Parents who think their children are "addicted" to their video games, in many cases, may be right.
A study of 1,200 U.S. children and teenagers, found that almost 10 percent showed signs of pathological video-game use -- meeting the definition normally used for gauging pathological gambling.
Recently, researchers have been interested in the potential for young people to develop an unhealthy preoccupation with video games and the Internet. Dr. Raun Melmed, co-founder of the Melmed Center in Scottsdale, Ariz., says it's becoming more and more common to see children with video game issues in his office. We sat down with Dr. Melmed for some Q&A about excessive video gaming.
Lets talk about who is most at risk of being a video game addict.
Dr. Melmed: Males are two to three times more likely than females to become addicted. The part of the brain that creates “reward feelings” is more active in men than women while playing these games. The majority of video game addicts are males under the age of 30. They often are children with poor self-esteem and social problems.
So which games are the most alluring or addictive?
Dr. Melmed: A survey of computer game players conducted by Entertainment Software Association 2005 showed that players of Massively Multiplayer Online Role-playing Games, MMORG, such as World of Warcraft, were more likely to play for more than two hours per day than other gamers. A Harris Interactive online poll (2007) of 1,187 US youths aged 8–18 showed 81percent of them played video games at least one time per month. On the average, teen girls played 8 hours per week and teen boys played for 14 hours per week. This helped delineate what was considered to be pathological; boys averaging 13 hours per week of reported game play and girls averaging 10 hours. Overall 8.5 percent could be classified as pathological. A survey conducted by the Centre for Addiction and Mental Health (2009) of 9,000 Canadian students from Grades 7 to 12, showed almost 10% have "screen time" for seven or more hours a day. In fairness, a study using the Child Behavior Checklist, found no link between the extent of video game use and attention problems. A study in published in Pediatrics found problematic gaming behaviors in about 4 percent of children, far less common than originally thought. In addition the association with underlying mental health problems was emphasized.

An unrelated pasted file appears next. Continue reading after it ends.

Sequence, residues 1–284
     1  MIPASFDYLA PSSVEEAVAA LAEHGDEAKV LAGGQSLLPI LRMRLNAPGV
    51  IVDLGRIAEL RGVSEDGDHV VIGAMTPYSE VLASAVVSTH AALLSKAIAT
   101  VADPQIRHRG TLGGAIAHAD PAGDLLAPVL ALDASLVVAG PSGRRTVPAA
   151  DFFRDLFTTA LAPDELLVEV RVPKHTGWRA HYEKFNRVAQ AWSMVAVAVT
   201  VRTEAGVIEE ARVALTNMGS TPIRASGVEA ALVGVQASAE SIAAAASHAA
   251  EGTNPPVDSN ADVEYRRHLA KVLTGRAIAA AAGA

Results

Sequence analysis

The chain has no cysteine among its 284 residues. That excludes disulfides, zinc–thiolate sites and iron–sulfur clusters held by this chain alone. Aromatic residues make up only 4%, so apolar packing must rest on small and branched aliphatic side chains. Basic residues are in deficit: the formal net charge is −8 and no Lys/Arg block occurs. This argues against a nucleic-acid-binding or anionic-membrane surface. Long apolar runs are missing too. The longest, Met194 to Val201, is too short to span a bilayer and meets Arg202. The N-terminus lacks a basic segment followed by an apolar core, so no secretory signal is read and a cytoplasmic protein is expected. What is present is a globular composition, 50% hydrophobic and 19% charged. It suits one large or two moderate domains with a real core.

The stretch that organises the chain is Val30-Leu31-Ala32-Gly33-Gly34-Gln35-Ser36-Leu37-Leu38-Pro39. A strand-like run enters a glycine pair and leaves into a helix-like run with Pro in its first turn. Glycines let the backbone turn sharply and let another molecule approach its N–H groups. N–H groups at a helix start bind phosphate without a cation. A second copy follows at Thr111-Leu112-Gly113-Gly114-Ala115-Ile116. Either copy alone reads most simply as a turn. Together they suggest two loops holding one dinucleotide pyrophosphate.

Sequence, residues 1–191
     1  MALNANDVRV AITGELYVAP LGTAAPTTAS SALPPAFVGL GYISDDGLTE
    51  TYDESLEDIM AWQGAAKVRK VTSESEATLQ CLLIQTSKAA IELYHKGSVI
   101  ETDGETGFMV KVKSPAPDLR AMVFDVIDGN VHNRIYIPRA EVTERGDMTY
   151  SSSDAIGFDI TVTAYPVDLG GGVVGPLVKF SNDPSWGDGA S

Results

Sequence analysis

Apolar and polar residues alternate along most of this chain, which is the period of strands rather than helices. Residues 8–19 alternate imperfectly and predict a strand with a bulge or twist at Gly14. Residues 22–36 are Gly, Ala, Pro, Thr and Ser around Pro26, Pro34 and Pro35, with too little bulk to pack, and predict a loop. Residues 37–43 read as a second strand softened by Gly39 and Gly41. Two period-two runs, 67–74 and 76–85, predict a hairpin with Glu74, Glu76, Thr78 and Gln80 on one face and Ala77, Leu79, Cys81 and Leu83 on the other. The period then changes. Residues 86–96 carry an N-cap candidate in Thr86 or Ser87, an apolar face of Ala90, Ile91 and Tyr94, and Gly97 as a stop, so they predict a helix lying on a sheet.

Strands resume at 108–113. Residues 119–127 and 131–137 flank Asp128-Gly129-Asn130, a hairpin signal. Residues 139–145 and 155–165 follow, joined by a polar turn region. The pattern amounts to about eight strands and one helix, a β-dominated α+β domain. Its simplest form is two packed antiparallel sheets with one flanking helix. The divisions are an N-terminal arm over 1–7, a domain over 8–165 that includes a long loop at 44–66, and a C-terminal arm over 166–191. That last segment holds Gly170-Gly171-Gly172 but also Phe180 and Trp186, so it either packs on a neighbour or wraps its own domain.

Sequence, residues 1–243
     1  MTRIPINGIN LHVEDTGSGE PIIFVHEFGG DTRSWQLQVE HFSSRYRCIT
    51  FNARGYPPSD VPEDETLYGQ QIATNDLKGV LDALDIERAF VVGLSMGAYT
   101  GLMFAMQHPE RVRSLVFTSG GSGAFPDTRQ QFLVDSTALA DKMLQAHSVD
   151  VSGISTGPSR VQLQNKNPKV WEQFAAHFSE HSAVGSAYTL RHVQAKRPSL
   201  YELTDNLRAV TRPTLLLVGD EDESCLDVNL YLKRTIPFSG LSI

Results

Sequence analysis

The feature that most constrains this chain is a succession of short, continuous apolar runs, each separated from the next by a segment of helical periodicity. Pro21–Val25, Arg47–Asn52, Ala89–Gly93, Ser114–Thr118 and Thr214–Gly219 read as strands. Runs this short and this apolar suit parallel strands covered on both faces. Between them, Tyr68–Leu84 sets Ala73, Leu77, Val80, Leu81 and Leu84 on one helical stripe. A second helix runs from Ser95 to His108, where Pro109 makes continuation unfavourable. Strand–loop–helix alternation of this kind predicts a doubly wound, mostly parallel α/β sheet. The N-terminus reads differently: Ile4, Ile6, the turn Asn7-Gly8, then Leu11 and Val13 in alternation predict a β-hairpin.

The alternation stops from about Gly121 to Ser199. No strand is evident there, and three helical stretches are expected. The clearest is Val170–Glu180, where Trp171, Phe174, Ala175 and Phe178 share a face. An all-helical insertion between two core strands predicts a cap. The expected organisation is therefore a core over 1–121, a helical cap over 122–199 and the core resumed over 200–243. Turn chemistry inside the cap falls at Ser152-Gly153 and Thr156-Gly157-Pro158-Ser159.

What’s a parent to do?
Dr. Melmed: Many feel that video game addiction is overly focused on while the underlying mental health issues root to the problem are ignored. A parent’s role is to love, educate and keep their children safe. Parental oversight on their children’s use of the Internet is imperative. It is the job of parents to protect the kingdom of childhood and set boundaries in all areas. It’s the Internet age - do you know where your children are? Many young children are more tech and Internet savvy than their parents. The opportunities to gain solid information and other advantages of the Internet far outweigh the negatives. Be careful not to throw the baby out with the bath water!
What are some solutions?
Dr. Melmed: First, learn as much as you can about the Internet! Education is the best intervention tool of all. Place the computer in a public area of the home with the screen facing out. Avoid computers in the bedroom! Protecting your child is a parental responsibility, not an invasion of the child’s privacy. Checking the Entertainment Software Rating Board (ESRB) ratings. Selecting appropriate games - both in content and level of development. Play videogames with your children to experience firsthand the game’s content. Make playing a social occasion. Invite friends over for your child to play video games with. As a family, establish and agree to written rules for video game and Internet use that include guidelines for how much time can be spent online (there are devices to help control playing time) and appropriate sites to visit. Permit play only at certain times such as after dinner or on weekends. Schedule ''reality breaks'' in between paying time. Warn children about potential serious dangers of Internet contacts and relationships. Explain the risks of meeting people online. Encourage your child to be critical of all information found online. Let your children earn video game play privileges. Develop incentive systems to allow them to do that. Finally, be a role model for your children – when choosing the types of video games you play as an adult.
What are the effects of excessive videogame playing?
Dr. Melmed: In a study of Television and Video Game Exposure and the Development of Attention Problems published in Pediatrics in 2010, researchers found that those children exceeding 2 hours per day were 1.5 to 2 times more inattentive than their peers. Children who play 4 to 5 hours per day have little time for socializing, developing hobbies or doing homework. They read less and have slumping grades. Boys might never learn to develop